This is the basic rule that the CCP regime had followed since then, Cai wrote. She gave an example of how the CCP has cheated Americans by selling this promise.

“It is precisely because the CCP has seen through the American capitalists’ strong desire for the Chinese market that it knew that big business would willingly pressure the U.S. government to make concessions. Therefore, the CCP couldn’t care less about criticisms of its human rights violations, and it has become increasingly repressive domestically,” Cai wrote.

However, these American enterprises and businessmen haven’t received the treatment they expected in China.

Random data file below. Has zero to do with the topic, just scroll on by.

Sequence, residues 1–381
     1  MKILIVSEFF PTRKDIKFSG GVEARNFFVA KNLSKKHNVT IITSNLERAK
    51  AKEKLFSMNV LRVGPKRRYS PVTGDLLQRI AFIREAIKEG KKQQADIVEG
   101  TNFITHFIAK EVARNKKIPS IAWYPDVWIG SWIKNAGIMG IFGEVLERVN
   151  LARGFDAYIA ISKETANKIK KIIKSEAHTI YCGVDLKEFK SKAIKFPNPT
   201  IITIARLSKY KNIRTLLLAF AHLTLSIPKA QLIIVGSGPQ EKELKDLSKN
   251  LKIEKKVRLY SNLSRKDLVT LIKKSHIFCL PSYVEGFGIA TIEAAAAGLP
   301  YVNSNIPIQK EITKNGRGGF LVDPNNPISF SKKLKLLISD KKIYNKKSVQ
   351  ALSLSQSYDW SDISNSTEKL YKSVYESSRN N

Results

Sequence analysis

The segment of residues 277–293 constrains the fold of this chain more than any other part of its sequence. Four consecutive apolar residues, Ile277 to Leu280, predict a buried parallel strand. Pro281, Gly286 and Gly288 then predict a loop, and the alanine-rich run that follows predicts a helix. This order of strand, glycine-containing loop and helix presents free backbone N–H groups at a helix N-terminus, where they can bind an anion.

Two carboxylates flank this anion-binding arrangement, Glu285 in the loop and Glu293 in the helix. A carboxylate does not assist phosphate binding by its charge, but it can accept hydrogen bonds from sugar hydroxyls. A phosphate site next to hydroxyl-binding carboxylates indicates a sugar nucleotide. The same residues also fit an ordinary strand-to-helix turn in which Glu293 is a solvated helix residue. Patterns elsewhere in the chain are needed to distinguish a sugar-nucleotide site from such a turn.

“[The CCP] will use enticing language to lure multinational companies into China. But then, these companies will soon find that they have fallen into a trap: they must transfer their technologies or face shutdown. After acquiring the foreign technology, China often figures out ways to force these companies to leave the Chinese market,” Cai wrote. “Elon Musk’s Tesla company is experiencing this situation now.”

At the same time, the CCP regime has kept up its brainwashing of the Chinese people, including CCP officials, to be loyal to the party and treat the United States as their enemy.

“After 1989, the CCP continued to strengthen its ‘crisis education’ within the party, emphasizing that if the CCP fell from power, as in the former communist party-states, tens of thousands of cadres could be incarcerated or killed, and most party members and cadres would face unemployment and difficulties in making a living,” Cai wrote.